This is the wonderful Mount Kimbie remix of The XX’s “Basic Space”.
It’s a wide-open track, taking XX’s post-R&B and post-punk vocals and sliding them into a reverberant electronic setting. It lurches and lumbers in the lower registers, like many dubstep cuts do — but the bell-like guitar lines and sped-up vocals provide crystalline focus in the upper registers. The synths swell around the vocals, emphasising lines and harmonies — this avoids the trap of just laying a droning, minor-key synth across the entire cut.
This is soporific in a deep way — not content to trade on either Sandoval-lite vocal meanderings or cafe electronica, it swaps heavily coded ‘atmosphere’ for a lethargy and longing channelled deep into its make-up. In such a song, the weariness comes out the other side as energising. A kind of alchemy. Spot-on pairing of two new UK talents, then.
A gallery of 48 photos from an exhibition open now in Berlin. It covers the period 89-90 when the wall came down and things were still raw, open and hopeful. Hence the bittersweet title, with its troubling past tense.
Most of the pictures are from amateur collections, found in boxes and under beds, both personal and public.
This is one of my favourite pieces of music this year. Very rarely do I return to mixes as often as I have to this one — which is why I feel comfortable calling the whole assemblage a piece of music in its own right. Sherburne expertly ranges across electro, dubstep and experimental sounds. The mood, pacing and track selection are outstanding. The bass is beautifully outrageous.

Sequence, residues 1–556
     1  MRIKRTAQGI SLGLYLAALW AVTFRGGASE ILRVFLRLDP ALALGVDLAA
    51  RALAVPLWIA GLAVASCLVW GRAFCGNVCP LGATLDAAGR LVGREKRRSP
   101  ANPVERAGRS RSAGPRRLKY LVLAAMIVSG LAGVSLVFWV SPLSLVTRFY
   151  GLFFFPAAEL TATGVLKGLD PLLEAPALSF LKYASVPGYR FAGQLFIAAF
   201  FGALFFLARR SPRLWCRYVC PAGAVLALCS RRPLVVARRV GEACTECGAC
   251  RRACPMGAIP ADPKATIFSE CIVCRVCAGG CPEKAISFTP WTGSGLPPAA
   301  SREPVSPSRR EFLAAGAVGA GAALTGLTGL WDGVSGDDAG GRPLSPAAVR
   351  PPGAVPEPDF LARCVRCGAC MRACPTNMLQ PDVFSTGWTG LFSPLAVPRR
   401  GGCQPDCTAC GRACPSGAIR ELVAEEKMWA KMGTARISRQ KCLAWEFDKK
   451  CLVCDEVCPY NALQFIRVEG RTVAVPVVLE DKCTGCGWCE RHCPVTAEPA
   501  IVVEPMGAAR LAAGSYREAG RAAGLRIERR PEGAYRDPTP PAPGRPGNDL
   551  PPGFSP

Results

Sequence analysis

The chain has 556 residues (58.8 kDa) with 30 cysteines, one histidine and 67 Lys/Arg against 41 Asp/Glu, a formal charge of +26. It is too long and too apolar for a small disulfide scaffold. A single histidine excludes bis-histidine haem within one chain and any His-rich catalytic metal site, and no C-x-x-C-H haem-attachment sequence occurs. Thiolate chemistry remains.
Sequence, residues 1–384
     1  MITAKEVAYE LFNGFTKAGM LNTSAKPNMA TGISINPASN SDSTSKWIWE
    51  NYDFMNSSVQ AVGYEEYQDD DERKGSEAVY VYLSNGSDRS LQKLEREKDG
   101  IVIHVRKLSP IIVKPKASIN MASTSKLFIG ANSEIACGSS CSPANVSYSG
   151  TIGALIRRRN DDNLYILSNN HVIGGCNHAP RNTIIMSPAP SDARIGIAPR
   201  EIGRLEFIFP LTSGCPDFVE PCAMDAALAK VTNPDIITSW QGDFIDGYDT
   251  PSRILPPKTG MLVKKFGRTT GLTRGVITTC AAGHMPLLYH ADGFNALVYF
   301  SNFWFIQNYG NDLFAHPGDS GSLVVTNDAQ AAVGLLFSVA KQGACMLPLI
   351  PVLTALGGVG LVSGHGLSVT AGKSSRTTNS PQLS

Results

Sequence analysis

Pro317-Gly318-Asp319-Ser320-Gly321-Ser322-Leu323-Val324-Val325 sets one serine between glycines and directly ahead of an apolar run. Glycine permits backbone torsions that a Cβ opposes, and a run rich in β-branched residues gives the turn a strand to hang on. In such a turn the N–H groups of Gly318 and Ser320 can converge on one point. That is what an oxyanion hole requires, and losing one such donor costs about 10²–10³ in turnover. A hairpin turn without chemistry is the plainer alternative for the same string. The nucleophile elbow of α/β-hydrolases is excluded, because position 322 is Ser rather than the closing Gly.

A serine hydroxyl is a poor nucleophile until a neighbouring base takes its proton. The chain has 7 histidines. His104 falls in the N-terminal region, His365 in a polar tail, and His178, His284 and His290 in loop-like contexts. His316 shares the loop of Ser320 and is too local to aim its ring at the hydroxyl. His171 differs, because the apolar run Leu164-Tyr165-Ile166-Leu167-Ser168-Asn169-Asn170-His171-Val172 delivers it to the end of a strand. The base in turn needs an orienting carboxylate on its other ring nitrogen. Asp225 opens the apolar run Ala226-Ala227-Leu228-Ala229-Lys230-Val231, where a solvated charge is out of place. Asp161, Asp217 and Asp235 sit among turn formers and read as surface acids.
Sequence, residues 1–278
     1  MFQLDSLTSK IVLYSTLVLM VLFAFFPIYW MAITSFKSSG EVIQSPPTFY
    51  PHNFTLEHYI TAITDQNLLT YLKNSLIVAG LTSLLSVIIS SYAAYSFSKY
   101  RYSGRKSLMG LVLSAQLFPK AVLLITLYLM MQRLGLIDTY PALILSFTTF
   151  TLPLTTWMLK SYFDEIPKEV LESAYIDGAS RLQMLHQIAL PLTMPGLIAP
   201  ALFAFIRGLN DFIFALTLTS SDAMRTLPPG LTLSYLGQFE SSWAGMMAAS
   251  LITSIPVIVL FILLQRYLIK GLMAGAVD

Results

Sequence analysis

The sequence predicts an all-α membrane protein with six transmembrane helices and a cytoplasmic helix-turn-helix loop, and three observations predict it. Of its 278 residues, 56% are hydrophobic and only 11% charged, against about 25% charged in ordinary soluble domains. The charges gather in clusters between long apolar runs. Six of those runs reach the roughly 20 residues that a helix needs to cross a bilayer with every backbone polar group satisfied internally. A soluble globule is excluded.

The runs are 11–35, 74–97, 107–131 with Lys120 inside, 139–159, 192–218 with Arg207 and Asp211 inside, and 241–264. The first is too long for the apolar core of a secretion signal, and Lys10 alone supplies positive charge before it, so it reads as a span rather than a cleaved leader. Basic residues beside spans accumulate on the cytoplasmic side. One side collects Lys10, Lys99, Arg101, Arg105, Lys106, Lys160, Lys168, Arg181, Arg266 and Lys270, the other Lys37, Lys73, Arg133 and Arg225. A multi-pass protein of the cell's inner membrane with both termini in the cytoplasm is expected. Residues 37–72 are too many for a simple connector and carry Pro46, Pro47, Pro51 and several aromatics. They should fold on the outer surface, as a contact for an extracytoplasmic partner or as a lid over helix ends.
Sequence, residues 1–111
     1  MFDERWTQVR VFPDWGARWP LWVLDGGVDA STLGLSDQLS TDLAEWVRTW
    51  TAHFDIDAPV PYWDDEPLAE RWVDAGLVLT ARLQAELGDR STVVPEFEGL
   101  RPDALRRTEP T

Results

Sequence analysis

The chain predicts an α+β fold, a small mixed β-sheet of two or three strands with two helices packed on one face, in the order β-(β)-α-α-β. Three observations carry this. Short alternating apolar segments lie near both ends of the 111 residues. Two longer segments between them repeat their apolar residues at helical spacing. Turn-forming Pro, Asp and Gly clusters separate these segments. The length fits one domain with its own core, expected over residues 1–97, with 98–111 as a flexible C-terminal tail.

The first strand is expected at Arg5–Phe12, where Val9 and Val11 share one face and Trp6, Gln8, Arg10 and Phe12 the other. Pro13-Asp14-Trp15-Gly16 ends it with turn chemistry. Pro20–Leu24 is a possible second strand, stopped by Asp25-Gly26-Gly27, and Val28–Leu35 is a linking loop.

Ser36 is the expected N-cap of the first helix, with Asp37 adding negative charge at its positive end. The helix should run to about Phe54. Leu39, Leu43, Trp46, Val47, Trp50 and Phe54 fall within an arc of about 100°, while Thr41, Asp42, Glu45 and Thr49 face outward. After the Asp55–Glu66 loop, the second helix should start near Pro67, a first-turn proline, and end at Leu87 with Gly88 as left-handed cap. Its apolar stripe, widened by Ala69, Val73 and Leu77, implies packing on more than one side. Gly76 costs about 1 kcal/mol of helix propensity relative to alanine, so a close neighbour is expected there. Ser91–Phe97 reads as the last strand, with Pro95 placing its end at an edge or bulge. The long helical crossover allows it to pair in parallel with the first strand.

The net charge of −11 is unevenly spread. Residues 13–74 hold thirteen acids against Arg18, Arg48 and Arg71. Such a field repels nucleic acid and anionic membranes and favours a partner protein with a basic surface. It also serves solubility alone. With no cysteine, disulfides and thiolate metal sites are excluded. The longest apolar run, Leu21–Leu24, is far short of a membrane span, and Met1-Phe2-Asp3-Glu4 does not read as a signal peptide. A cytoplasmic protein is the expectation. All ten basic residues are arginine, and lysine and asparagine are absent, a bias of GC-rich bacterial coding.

Fittingly, the mix is now haunted by later events. Although I’ve had the mix for some months, its at once broad expanses of space, reverb and thump now remind me of seeing Vladislav Delay and AGF at Berghain a few weeks ago. Of course there’s a proximity in track selection and taste. But there’s also something proximate in hearing the music pulse, throb and splash off the concrete interior of Berghain — with its remarkably tuned sound system — and the capacious sounds Sherburne favours here.
If Hulu is the Blockbuster of online streaming video, Waxxfree’s selection of old films is the dimly-lit, smoky, curated, weird little store you would only comfortably venture into with a completed Cinema Studies MA. Old film posters. Soundtracks on the sound system. Nicotine stained fingers.
Except all this changes online, because there’s no neurotic, snarky little man - and they usually are men - to deal with when you check the disc out. You just stream and scroll through a potted history of half-forgotten films. No doubt the studios will get these videos removed from YouTube soon enough, so get watching.
I once wanted to write an essay on Wake in Fright, The Proposition and Patrick White’s Voss.
Wake in Fright is having something of a return to consciousness. My writerly narcissism wishes that it was my own work that could have done that; my caring-citizen self simply thinks it is a good thing this film is back in public view.
I had the idea back when I was writing my honours thesis in Cinema Studies. I was thinking then about aesthetics and politics in Australian film. I was looking at Mallboy and The Boys.
If these films expressed something of one suppressed Australian reality - the suburban underclass, passing in and out of prisons and welfare agencies - then Wake in Fright expressed an existential underside to the mythic ‘outback’. It’s a pioneer story, like many Westerns, but here it is deflationary, phobic, charged with some striking moments of surreal horror. Wolf Creek also did something like this, but simply transposed slasher film generics to the outback setting.
One of the benefits of delaying - or procrastinating or fearing - the writing of this essay, is that I would now draw on a few other sources. One is the Triffids, a band that channelled the sound of the outback into their music. The other is Meaghan Morris’s stunning essay, “White Panic or, Mad Max and the Sublime.” This might lead to other essays on the mythic quality of ‘the road’ in Australia.